Life As An Itinerant Artist

Stories and anecdotes from fifteen years on the art show circuit. 

A comment on failure and ethics

The Artanic and Blutan the Truck

I had an interesting experience at the Tempe Art Festival last weekend, one that I thought raised other issues as well as the one I’m about to describe. My booth was set up on a small side street off of Mill Avenue, the main shopping district in Tempe. Another artist, also a photographer, was set up with a double booth. She had done the show before and was able to answer a couple of my questions about the show, which was helpful, as we had not been in Tempe before. The set up itself was confusing, and most of the volunteers had no idea what was going on — just getting to the location took time and patience, and I very nearly took out a booth more than once with the Artanic.

Friday morning, the weather was perfect for an art show. We were at the end of a small side street, which is usually the kiss of death for sales, but there was an elegant jazz stage and the Arizona Wines tasting area across from us. A large parking lot also brought customers by the booth, so I wasn’t too worried about foot traffic. But what did worry me was the photographer across the street. She had plastered several crude signs on her print bins: “Going Out of Business — 50% Off Everything”. This type of blatant self-promotion is not allowed at most high-end shows, and Tempe has a clearly stated rule against it.

We watched all weekend as customers swarmed the booth, buying multiples and large framed work off the walls. More stock appeared. More prints went home with happy customers. Meanwhile, at the end of the street, I had many wonderful conversations, and many interested patrons. Until they discovered the sale booth down the street. This went on Friday and Saturday. On Sunday, the markdowns continued. The signs had been changed to 70% off! I thought to myself, why not just give it away?

Lonnie Brock Fire Sale

Photographer goes out of business, gives away work

The other artists on the street were also dismayed — one neighbor agreed with me that it just wasn’t right for the photographer to blatantly disregard the rules. A painter wondered if they had created extra stock to make up for the money lost by giving it away. You know the old saying, “Sell at a loss, but make it up in quantity.” When one artist devalues their work so much, it tends to devalue everyone else’s work as well. I’m sure that the woman and her husband thought about this, as she apologized to me for doing it. I love you means never having to say you’re sorry, I guess. Pfooey.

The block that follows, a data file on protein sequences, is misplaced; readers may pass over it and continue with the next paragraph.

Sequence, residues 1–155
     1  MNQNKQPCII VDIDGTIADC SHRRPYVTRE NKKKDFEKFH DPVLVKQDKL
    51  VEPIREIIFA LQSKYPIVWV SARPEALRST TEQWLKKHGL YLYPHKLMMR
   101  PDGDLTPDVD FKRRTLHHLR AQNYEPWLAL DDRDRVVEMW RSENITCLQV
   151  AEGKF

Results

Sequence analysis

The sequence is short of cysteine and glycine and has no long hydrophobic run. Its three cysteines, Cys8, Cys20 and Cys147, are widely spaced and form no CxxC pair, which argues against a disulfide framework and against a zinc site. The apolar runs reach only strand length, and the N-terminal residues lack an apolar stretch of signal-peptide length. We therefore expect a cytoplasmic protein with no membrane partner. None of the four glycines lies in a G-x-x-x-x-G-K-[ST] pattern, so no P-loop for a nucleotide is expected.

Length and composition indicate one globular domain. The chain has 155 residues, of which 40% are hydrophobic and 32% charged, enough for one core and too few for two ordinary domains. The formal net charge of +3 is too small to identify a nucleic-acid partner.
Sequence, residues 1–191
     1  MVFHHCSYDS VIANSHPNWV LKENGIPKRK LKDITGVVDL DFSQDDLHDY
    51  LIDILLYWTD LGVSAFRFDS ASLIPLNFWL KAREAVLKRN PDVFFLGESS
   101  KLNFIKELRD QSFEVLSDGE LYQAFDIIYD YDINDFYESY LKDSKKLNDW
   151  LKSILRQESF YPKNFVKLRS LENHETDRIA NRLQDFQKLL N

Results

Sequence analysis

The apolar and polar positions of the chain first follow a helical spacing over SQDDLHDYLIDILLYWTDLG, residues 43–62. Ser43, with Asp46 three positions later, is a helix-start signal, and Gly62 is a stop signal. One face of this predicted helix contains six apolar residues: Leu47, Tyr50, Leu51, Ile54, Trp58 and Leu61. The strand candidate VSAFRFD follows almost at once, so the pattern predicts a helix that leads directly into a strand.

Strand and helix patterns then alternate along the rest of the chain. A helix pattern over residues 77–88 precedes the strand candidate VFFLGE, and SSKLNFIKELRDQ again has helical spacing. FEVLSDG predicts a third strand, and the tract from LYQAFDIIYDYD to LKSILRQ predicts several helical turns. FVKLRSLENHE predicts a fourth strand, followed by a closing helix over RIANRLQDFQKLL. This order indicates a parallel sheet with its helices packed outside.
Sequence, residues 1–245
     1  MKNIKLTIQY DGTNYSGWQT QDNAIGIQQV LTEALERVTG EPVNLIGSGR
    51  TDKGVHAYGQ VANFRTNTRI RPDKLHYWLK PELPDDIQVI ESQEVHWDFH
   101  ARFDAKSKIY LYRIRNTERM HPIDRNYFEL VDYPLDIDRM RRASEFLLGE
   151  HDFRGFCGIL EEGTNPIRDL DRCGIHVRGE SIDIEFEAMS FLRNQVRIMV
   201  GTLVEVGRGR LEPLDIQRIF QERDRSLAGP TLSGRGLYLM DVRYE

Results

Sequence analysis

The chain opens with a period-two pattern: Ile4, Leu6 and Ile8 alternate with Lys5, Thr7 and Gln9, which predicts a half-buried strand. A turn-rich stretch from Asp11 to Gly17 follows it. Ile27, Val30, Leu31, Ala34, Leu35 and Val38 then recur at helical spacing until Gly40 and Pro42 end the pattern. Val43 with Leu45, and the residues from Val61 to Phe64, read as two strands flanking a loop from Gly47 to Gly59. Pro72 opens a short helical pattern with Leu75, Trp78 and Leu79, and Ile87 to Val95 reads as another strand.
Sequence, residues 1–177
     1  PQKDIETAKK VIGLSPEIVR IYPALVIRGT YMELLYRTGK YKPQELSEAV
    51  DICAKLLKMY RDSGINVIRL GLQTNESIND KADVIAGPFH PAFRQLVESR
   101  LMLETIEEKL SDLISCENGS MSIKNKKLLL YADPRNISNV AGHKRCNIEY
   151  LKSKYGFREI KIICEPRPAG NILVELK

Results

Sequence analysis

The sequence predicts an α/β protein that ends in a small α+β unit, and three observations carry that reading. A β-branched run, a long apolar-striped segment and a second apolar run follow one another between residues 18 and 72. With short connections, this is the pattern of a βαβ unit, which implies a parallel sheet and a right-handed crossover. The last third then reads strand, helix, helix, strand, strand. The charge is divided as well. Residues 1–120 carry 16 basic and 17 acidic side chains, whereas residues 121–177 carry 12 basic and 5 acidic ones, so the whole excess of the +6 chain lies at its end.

We as artists can’t control how other artists choose to value their work, or the price points at which they sell, but we can speak up when somebody violates the written rules of the show. I finally called the festival hotline on Sunday, and spoke to one of the show directors about the situation. I asked if the show had any restrictions on “fire sale” selling. She told me that while it was prohibited, that it might be okay if I “didn’t bark”. I said that it wasn’t my sale, but the photographer across the way, and that they had large signs proclaiming the sale. Obviously it was too late to do any of the artists on the street much good, but I felt better anyway. The woman I spoke told me that she was glad I mentioned the issue.

It would have been better for everyone if the sale prices had been marked on the pieces themselves, and the artists had mentioned it to customers who stopped in. Were they so lazy that they couldn’t make new price stickers? Instead they chose to Walmartize their booth, and drag down the rest of the street as their business failed. She knew it was wrong, but she and her husband did it anyway. To top it off, their web site says nothing at all about going out of business. Looks as if they will continue to sell prints at full price and to do workshops.

What I find especially disturbing is that other artists have no compunction about breaking the rules in order to gain unfair advantage. It is no different than the big business world many of us tried to escape when running away to join the circus. Unfortunately, there are those of us that still have high standards, and are forced to compete with low-life dirty pond-sucking scum. Such is life. After the show was over, and we all stood around counting our wads of cash, I made enough money to fill the tank and get to the next town, so I guess it worked out all right, but it certainly left the taste of rat in my mouth when I was hoping for steak. <End rant>

A big thank you to all of the patrons who felt my work was worth the price they paid! Happy Trails to you!

April 3, 2008

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